Tuesday, March 6, 2012

Rocketdyne Santa Susana Field Laboratory Still Contains High Level of Radiation

I have already talked about this before and this shouldnt be a surprise for most Valley residents but the Rocketdyne facility between the Chatsworth and Simi Hills contain radioactive chemicals that are 1000 times higher than standards according to a new report by the LA Daily News. Big shocker here. I already talked about this here and here. Maybe this will help explain the mischievous kids in the West Valley
Courtesy USC Digital Library: Photograph of a view of the Rocketdyne Field Laboratory in the Santa Monica Mountains, [s.d.]. The laboratory is set into a large valley and consists of several large metal structures. Two tall metal scaffolding structures with cranes on top can be seen, while several tanks can be seen on the rocky ground. A collection of relatively small buildings can be seen in the shadow of a large rock at center. The tops of several mountains are visible in the distance.
Courtesy USC Digital Library: Photograph of "Battleship" tanks, which simulate the configuration of an atlas ICBM, feeding propellants to the engine being test fired, ca.1955. In the left, a large tower can be seen exposing five platforms with staircases, pipes and a rail surrounding each one. Its highest point is formed by a cylinder-shaped machinery(?) with two circular balconies surrounding its top area. In the left, by the bottom of the tower, different tones of smoke (steam?) are being ejected from the tower¿s pipes and from underneath it.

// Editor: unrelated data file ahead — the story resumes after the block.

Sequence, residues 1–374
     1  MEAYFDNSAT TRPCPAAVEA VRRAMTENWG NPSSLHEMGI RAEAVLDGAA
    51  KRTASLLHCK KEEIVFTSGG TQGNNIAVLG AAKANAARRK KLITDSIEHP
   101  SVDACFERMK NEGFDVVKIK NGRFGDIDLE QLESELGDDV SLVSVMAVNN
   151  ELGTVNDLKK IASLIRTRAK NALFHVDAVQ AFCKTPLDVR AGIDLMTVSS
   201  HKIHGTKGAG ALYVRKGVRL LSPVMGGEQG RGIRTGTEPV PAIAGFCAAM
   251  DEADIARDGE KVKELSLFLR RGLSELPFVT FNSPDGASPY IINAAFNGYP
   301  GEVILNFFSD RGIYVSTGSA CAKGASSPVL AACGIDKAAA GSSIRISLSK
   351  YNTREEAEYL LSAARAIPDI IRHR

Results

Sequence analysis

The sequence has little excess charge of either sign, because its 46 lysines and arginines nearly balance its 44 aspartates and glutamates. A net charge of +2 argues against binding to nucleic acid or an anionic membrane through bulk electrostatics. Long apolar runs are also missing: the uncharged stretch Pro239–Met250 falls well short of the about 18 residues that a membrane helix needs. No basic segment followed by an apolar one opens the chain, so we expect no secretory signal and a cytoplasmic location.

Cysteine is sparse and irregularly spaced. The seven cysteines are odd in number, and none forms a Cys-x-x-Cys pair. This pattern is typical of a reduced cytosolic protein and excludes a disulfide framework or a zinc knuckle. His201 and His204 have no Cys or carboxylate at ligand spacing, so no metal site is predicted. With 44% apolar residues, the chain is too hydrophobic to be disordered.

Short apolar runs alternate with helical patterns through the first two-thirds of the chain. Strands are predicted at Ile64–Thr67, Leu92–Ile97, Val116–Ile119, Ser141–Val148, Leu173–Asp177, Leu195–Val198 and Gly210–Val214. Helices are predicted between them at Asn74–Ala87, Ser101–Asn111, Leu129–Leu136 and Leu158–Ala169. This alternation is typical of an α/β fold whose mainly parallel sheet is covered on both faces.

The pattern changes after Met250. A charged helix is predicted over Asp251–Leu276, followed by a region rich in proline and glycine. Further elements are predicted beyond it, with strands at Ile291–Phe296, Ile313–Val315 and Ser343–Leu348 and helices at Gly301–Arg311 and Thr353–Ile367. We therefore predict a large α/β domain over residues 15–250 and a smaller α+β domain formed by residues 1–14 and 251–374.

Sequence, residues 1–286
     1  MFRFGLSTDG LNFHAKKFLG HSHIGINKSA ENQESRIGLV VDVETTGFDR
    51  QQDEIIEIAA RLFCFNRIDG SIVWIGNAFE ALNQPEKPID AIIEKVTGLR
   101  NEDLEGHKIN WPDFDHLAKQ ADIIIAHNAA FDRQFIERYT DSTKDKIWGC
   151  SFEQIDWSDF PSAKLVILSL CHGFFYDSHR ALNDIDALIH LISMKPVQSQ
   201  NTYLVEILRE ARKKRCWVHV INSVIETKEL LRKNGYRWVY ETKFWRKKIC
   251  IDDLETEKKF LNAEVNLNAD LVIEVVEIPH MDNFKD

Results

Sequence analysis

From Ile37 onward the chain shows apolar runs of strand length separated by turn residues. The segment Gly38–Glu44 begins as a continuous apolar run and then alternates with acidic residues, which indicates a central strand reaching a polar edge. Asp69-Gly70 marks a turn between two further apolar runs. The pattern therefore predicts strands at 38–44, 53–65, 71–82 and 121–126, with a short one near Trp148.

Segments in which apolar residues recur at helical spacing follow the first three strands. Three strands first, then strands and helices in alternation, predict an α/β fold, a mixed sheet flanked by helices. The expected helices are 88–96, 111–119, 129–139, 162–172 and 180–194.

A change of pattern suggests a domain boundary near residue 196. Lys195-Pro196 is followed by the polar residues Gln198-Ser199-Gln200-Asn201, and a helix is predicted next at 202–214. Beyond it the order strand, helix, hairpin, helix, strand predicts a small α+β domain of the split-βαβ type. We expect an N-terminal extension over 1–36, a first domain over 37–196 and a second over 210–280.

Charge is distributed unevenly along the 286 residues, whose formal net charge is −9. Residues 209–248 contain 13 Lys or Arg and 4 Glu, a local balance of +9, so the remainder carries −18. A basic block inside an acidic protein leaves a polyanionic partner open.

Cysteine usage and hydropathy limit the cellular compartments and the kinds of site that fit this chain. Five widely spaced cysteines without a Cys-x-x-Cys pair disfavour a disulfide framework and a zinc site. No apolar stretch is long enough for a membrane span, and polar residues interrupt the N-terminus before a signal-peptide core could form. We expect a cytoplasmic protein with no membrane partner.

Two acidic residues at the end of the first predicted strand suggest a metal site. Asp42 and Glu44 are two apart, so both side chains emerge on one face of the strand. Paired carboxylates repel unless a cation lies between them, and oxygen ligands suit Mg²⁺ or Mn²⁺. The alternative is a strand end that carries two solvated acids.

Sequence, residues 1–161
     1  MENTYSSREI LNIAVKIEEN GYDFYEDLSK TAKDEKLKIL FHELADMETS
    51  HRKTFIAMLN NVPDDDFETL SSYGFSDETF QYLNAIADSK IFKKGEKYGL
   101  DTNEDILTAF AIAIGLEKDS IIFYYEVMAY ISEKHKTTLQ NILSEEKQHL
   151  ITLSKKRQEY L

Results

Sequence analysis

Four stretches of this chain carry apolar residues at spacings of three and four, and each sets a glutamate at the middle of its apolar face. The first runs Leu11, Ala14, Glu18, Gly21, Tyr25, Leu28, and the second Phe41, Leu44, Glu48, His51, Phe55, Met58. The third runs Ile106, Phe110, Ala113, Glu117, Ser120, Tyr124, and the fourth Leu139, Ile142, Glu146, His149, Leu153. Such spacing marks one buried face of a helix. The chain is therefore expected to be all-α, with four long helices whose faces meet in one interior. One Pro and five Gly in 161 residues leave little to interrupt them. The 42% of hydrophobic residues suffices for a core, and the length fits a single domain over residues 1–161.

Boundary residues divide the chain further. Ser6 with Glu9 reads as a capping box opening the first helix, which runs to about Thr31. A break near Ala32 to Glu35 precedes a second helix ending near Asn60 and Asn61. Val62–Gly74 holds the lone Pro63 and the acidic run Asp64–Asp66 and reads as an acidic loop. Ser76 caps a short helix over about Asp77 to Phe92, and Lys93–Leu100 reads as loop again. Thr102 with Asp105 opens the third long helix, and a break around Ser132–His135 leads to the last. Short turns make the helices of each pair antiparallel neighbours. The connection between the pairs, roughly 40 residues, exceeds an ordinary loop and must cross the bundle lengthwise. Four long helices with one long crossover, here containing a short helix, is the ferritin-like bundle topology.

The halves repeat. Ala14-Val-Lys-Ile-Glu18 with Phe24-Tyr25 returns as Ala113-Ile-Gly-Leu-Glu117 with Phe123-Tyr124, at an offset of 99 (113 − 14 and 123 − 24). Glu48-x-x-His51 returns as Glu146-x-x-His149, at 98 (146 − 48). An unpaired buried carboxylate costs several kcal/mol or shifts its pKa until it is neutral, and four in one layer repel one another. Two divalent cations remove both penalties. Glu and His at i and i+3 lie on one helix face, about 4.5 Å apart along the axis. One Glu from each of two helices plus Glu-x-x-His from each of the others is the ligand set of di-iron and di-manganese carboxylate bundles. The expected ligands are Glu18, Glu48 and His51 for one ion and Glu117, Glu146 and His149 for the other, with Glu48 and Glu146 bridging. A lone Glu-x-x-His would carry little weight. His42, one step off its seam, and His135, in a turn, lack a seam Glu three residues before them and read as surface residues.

In the right foreground, the curve of a paved street is noticeable showing a small cabin made out of concrete; a rail delineates the street and a pipe extends along. A rocky mountainside fills in the backdrop.

Photoprint reads: "Battleship" tanks, which simulate the configuration of an Atlas ICBM, feed propellants to the engine being test fired at Rocketdyne's propulsion field laboratory in the Santa Susana Mountains. Stands like the one shown are capable of withstanding one million pounds' thrust, transmitting the enormous power of the Rocketdyne liquid propellant engines deep into bedrock."
Courtesy LAPL Photo Collection: "Huge 24-wheel trailer moves slowly up Santa Susana Pass to test site where Rocketdyne's Saturn S-II missile will eventually be loaded for trip later this year out of mountains to Cape Kennedy Fla. Today's trip was a test run to see if the huge carrier could maneuver the twisting road." Photograph dated: Jan. 27, 1965. 

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